If we can better perceive and understand, not only the external actions of others, but also their more subtle or hidden emotions and motivations, we will be better equipped to:
- respond, instead of react to others (self-management)
- genuinely listen, allowing you to understand their needs/desires better
- respond in a way that promotes cooperation
- better serve clients, coworkers, and employees (relationship management)
Goleman separates self-management into two categories: self-motivation and managing emotions. If we can better respond to, utilize, and manipulate our own motivations and emotions, we will be better equipped to:
- respond, instead of react to others and our circumstances (social awareness)
- act in a trustworthy manner, as our controlled responses will be more in line with our values than uncontrolled reactions (relationship management)
- take initiative and show optimism, even in difficult or uncomfortable circumstances
- adapt to unexpected circumstances
If we can better respond to and utilize others motivations and emotions, we will be better equipped to:
- develop relationships that produce results
- promote cooperation
As you can see, the four quadrants tend to reinforce and develop each other, further increasing your ability to produce results when you utilize a well rounded EQ to tackle obstacles, as opposed to reacting to and focusing on each obstacle individually.
Also, developing solutions that only address the outward symptoms of a problem won’t last. I would much rather use emotional intelligence to identify and address the underlying problems, producing a much more permanent solution.
7 Misunderstood Signs That You Need to Develop Your Emotional Intelligence
- “I tend to get defensive when talking to others.”
This one applies specifically to me. It is often so hard for me to take criticism! If your instinct is to silently fume when receiving advice, or you tend to take any criticism very personally, this can be a symptom of not understanding and having control of your own emotions, as well as an inability to understand the other person’s motivation or emotions.
2.“I feel out of control of my life/job/direction.”
It is so easy to set broad goals! If you have set goals, but they are not going anywhere, it could be that you are not setting specific goals that build off of your internal motivations and desires. Setting specific goals requires a strong self-awareness, but provides a stronger drive.
3.“I find it hard to delegate tasks to others and am often described as ‘controlling.’”
Social awareness will help you better understand how your actions are effecting others and enable you to better manage your relationships.
4.“I have well-organized processes in place, but they are not working. I continue to repeat a cycle of crashing and burning.”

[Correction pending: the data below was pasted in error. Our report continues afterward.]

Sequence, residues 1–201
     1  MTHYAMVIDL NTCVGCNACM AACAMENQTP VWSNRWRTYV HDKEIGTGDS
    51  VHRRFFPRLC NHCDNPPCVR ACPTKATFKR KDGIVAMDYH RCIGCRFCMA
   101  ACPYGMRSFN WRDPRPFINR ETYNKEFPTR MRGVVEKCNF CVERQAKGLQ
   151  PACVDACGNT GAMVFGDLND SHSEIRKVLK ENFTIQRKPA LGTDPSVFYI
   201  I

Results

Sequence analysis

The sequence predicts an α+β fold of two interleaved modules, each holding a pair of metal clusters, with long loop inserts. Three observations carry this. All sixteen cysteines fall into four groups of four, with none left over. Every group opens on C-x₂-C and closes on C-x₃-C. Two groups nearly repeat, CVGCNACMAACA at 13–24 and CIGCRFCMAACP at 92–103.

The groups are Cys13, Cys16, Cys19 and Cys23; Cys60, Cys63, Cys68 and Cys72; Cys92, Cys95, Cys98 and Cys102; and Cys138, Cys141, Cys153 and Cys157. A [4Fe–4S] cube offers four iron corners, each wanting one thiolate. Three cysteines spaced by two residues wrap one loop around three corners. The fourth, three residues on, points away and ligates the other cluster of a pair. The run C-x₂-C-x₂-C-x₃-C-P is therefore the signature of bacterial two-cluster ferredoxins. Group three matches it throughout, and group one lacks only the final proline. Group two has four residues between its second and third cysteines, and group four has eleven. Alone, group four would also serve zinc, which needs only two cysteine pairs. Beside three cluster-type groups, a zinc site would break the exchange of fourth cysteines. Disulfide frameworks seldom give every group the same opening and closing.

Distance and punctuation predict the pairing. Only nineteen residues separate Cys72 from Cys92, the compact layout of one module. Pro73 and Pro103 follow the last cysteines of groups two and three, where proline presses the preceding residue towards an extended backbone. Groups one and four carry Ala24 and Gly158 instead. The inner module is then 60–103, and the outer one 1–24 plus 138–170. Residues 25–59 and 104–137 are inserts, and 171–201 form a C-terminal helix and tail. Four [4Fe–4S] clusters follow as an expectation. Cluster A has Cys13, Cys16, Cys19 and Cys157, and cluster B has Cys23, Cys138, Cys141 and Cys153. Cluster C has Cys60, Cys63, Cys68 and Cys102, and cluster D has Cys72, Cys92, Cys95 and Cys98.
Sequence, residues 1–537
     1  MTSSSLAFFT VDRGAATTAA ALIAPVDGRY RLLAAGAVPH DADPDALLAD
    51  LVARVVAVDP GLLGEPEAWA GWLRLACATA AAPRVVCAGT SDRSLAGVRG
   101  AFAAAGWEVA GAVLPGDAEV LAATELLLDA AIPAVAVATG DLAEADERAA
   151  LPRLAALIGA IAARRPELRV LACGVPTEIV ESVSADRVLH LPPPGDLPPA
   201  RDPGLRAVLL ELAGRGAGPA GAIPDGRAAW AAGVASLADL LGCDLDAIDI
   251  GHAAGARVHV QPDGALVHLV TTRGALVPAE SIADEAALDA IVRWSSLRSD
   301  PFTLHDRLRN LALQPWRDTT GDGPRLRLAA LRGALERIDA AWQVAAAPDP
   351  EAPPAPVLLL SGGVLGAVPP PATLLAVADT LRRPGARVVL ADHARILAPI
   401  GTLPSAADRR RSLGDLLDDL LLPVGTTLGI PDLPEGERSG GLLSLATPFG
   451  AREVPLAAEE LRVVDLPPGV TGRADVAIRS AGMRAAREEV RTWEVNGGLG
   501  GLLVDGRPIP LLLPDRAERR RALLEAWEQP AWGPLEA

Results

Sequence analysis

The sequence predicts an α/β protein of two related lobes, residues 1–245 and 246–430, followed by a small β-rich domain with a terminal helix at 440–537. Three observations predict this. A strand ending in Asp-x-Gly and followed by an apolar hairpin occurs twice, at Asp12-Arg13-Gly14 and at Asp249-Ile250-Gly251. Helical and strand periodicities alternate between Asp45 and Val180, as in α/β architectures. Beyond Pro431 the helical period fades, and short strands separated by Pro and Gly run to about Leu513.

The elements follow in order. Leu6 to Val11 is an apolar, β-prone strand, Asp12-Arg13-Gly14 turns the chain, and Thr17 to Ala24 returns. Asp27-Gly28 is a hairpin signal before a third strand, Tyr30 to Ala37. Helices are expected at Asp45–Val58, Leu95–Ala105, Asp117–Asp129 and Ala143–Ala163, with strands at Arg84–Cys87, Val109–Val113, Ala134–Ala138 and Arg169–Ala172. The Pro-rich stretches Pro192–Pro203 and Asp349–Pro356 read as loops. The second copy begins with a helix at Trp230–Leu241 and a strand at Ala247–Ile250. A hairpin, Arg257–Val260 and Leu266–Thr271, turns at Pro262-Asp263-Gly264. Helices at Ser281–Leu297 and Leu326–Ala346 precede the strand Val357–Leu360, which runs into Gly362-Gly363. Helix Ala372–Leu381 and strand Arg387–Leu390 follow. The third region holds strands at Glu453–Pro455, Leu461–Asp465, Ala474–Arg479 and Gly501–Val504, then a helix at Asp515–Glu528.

If you continue to use processes or repeat actions that are not working, it may be because you are not willing to evaluate your actions and emotions in a neutral light. Once you have developed a strong self-awareness and self-management skills, you will be able to more easily identify why your processes are failing, or perhaps that you need to develop different processes that fit who you are better.
5.“I feel the need to justify my actions to myself and/or others.”
If you do not have a high level of self-awareness or strong self-management skills, you are often not confident in your actions.
6.“I often take on more than I can handle.”
Improving your self-awareness can help you understand why you take on more than you can handle, or why you are not comfortable confronting a coworker who pushes responsibilities on you. Developing your relationship management skills will help you conduct a beneficial conversation that can fix the situation.
7.“I have trouble bouncing back from a business loss, sales rejection, missed quota, etc.” or “I often feel depressed about work.”
Self-awareness is the first step towards self-management. Taking practical steps to manage your emotions, instead of being controlled by them, can help you break out of a rut and move forward even when your emotions are holding you back.
How To Improve Emotional Intelligence
At the Biohacking Entrepreneur, we are all about providing the most efficient and practical knowledge, mindsets, and tips. We are tired of hearing a bunch of theory from “experts,” with no practical application. This is why we focus on data, research, and specific step by step hacks.
Now that you have a basic understanding of the Goleman’s EQ quadrants and why EQ is important, here are some steps you can take for developing emotional intelligence.
How to Develop Self-awareness
1.Set specific goals
Fill out a goal setting worksheet and personal development plan that drive results (click on the link for FREE downloadable pdf versions, developed by the Biohacking Entrepreneur)
2.Practice Mindfulness Meditation
Once Moe started using the Headspace meditation app, he found not only was he more self-aware, but it was easier for him to listen to others first, instead of immediately reacting. Paul Jun recognizes the importance of mindfulness in breaking from reactions to responses. A large part of emotional intelligence is not judging your own emotions, others emotions, others input, etc. Mindfulness Meditation not only promotes a non-judgmental mindset, it also provides a greater understanding of your own emotions and helps clear our heads of extra noise, assisting in self-management. Check out our guide on how to meditate for beginners.